Tree Eavesdropping Artist Statement
Take the perspective of a tree. It can communicate, has memory, learns and has plant-specific intelligence. Some people insist intelligence requires a brain (like ours). The new view is that intelligence is the ability to respond to challenges in one’s environment, to make smart decisions and solve problems. In awe of the fact that a tree can easily live over 10 times my lifetime without moving from where its root brain first grew – all the while feeding itself from the sun, I began my artistic research and humbling inquiry.
Although this project was created by repurposing human technologies, it was always led by intuition and the heart. Under Master Arborist Tchukki Andersen, I learned how to begin to sense, feel and listen to trees. I met a very special one and asked permission to collaborate. The smallest possible sensing probe, the size of an acupuncture needle, was carefully hand-placed not far underneath the bark of the tree. Once the approximate 360 millivolts were confirmed, the signal was digitized into a computer, translated into sound and broadcast over the tree’s custom wifi network into the museum. Rather than using the tree’s signal to drive visual art synthesized in the computer, on this Earth Day 2015, my intention is to share it with all who will come here and take the time to deeply consider our green neighbors and engage in a public interpretive drawing.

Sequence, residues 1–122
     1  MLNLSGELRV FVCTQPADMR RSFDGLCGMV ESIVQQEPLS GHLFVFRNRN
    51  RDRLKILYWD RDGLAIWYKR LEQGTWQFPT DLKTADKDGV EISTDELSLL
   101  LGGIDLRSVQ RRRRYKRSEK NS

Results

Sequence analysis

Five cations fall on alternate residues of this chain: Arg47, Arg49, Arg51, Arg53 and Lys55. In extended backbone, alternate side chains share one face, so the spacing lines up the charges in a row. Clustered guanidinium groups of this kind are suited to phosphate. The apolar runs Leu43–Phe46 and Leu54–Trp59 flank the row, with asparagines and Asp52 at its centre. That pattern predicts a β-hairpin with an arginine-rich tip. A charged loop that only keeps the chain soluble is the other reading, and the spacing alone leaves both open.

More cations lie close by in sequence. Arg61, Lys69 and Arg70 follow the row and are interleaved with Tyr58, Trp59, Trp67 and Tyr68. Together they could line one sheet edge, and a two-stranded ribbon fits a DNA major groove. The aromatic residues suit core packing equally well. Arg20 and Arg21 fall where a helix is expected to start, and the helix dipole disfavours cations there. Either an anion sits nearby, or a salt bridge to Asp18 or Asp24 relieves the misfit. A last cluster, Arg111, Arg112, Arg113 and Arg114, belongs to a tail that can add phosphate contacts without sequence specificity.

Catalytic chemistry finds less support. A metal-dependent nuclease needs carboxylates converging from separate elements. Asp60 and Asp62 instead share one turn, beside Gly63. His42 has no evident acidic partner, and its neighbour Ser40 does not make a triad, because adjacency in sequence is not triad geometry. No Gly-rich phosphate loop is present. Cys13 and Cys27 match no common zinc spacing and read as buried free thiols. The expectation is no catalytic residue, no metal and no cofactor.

To help facilitate an artistic collaboration between the public and this tree is an honor I’m sincerely grateful for and have many friends and collaborators to thank. Janey Winchell’s vision and Soniya Tejwani’s never-ending support helped me think and grow. Lead Technical Advisor, Zach Weiss and Tree-wifi designer, Sean Pyburn helped me do. I’d like to thank the generous staff at PEM for making this possible and you, the tree’s signal interpreter, for completing this piece.
David Yann Robert, 4/20/2015, Salem, MA.